N-135. Microbially Mediated Cave Formation: The Potential for Alkali-Speleogenesis in Roraima Sur Cave, Venezuela

M. Broering1, E. Banks1, J. Giarrizzo2, P. Suarez2, K. Venkateswaran3, H. A. Barton1;
1Northern Kentucky Univ., Highland Heights, KY, 2Univ. Simon Bolivar, Caracas, VENEZUELA, 3Jet Propulsion Lab., Pasadena, CA.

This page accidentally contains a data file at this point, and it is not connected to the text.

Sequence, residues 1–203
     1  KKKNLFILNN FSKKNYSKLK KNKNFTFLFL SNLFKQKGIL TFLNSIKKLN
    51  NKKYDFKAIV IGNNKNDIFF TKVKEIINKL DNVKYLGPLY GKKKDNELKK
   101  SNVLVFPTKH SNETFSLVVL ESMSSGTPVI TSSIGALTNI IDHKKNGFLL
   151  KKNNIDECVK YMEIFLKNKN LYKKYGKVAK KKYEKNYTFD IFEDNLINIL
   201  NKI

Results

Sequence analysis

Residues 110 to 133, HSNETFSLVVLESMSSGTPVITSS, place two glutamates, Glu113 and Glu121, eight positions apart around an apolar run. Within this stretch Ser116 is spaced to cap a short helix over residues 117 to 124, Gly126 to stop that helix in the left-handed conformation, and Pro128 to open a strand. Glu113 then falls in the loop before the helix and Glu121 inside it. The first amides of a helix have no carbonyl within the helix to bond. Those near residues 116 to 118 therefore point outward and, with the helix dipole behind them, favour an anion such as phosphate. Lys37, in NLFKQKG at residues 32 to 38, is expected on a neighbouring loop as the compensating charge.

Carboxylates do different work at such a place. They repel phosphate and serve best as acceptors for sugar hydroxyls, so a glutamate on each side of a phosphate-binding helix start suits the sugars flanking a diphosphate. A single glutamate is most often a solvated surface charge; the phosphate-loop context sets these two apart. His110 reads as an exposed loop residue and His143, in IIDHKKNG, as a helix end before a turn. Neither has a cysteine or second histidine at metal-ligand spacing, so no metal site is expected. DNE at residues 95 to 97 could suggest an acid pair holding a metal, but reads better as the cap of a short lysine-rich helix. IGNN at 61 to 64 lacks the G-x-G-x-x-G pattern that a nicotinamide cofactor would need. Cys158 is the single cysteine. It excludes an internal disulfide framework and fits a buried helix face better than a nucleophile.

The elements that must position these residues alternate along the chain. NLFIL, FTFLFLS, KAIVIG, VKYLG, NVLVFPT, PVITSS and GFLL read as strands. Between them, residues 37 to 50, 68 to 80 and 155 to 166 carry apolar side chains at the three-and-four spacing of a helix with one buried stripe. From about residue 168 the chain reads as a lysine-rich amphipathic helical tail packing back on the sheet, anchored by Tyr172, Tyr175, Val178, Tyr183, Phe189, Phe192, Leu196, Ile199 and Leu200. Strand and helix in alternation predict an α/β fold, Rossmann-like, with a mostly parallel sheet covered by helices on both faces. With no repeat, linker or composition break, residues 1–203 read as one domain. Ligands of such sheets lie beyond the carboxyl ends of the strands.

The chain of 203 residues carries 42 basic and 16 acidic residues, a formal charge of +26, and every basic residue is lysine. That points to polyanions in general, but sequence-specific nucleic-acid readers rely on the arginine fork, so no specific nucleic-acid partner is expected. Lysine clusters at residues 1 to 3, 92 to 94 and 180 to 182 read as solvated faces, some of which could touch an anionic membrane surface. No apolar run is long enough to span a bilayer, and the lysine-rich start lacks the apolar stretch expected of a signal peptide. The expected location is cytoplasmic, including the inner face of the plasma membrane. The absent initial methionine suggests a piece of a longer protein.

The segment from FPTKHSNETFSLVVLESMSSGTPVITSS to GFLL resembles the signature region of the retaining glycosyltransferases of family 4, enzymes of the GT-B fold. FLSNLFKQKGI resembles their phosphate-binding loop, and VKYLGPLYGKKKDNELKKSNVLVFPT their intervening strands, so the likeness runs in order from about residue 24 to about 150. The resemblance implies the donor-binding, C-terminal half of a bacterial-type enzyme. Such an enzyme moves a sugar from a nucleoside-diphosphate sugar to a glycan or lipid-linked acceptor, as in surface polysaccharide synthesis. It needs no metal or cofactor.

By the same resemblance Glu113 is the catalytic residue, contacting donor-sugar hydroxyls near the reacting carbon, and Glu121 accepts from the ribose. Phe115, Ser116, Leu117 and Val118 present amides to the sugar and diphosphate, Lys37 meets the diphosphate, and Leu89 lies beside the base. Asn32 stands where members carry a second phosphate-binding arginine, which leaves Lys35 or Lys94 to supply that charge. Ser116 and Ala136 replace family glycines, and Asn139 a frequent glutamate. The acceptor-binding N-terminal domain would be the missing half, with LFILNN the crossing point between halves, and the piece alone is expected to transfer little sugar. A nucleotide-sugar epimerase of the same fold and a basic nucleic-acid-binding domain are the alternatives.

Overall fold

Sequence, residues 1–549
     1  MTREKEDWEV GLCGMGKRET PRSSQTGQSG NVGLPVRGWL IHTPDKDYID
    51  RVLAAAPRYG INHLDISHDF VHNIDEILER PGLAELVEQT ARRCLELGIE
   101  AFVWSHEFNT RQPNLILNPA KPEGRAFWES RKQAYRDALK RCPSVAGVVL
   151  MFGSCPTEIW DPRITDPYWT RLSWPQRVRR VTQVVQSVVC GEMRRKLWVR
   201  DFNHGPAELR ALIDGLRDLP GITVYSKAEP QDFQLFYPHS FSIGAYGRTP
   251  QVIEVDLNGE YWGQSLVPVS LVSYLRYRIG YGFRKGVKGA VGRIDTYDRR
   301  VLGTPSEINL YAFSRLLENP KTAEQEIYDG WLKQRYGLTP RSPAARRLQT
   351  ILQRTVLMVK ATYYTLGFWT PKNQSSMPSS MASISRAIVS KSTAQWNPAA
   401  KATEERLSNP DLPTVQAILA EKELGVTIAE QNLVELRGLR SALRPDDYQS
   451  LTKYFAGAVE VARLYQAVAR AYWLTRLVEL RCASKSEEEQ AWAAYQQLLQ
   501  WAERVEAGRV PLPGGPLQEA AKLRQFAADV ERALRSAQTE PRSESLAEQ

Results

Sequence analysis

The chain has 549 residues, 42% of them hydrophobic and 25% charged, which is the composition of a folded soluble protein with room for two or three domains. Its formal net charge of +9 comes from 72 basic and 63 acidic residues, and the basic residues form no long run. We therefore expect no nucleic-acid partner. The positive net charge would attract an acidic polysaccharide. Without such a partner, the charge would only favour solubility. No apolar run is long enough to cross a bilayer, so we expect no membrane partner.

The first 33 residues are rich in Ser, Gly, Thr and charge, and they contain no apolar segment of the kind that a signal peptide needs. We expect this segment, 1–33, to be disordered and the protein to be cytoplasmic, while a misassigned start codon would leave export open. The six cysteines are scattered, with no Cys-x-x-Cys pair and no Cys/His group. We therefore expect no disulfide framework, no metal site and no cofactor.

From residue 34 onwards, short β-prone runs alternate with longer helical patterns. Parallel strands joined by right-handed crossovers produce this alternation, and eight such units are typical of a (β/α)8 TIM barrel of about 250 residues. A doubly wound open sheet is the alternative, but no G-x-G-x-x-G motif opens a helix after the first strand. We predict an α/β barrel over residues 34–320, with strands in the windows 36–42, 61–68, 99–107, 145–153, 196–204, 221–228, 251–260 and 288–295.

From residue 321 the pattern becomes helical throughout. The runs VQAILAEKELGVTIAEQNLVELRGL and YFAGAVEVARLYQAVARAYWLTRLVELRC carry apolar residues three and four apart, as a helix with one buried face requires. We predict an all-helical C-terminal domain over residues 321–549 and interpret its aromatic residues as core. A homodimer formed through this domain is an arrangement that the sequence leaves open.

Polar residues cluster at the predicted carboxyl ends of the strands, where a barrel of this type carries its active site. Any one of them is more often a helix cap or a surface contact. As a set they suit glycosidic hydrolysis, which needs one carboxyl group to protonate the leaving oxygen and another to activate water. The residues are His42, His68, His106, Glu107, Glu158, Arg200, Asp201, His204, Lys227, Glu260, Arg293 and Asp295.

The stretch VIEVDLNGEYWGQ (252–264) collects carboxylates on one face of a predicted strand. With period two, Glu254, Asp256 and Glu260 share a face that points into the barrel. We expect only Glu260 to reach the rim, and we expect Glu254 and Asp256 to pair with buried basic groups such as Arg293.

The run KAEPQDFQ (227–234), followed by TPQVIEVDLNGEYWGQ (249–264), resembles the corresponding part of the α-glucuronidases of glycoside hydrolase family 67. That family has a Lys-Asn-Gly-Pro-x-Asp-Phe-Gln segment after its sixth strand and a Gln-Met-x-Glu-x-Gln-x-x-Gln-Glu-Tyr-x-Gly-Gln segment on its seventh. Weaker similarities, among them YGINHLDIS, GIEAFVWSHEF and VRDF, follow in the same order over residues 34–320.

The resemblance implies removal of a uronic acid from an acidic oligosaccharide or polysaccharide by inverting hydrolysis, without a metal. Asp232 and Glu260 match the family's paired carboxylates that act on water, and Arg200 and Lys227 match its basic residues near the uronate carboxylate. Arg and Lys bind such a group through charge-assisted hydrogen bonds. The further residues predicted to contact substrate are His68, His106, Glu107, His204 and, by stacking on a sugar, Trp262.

It has been known for almost two decades that microbial species can contribute to the formation of caves, although such activities generally occur through the production of acids within carbonate rock. Other processes of speleogenesis are less easy to explain, such of the formation of Roraima Sur Cave, Roraima Tepui, Venezuela. This 10.4 km long cave, formed within insoluble silica (alpha-quartz) rock, contains a noticeable microbial population and unusual opal formations. While silica is generally insoluble in water, it can be solubilized if the pH drops below 2.0 or rises above 8.5. While no current conditions within the cave suggest extreme acidity, we believe that microbial nitrogen-fixing activity is leading to an increase pH and generating sufficiently alkaline conditions for silica dissolution. On a recent expedition, we collected both geologic and biological samples from within and around Roraima Sur Cave. Direct measurements indicate that ammonia is accumulating within the silica rock at sites of primary dissolution and increasing the pH of the system. These sites also correlate with high levels of microbial activity within the cave. Numerous bacterial species were isolated from these locations on nitrogen-free media and demonstrated nitrogen-fixation through the accumulation of ammonia within the media. This dissolution of the host rock is producing a high level of silica within the atmosphere of the cave, which we believe is responsible for the formation of unusual opal formations. Together these data suggest a microbially-driven alkali-speleogenesis in the formation of Roraima Sur Cave that has not previously been described.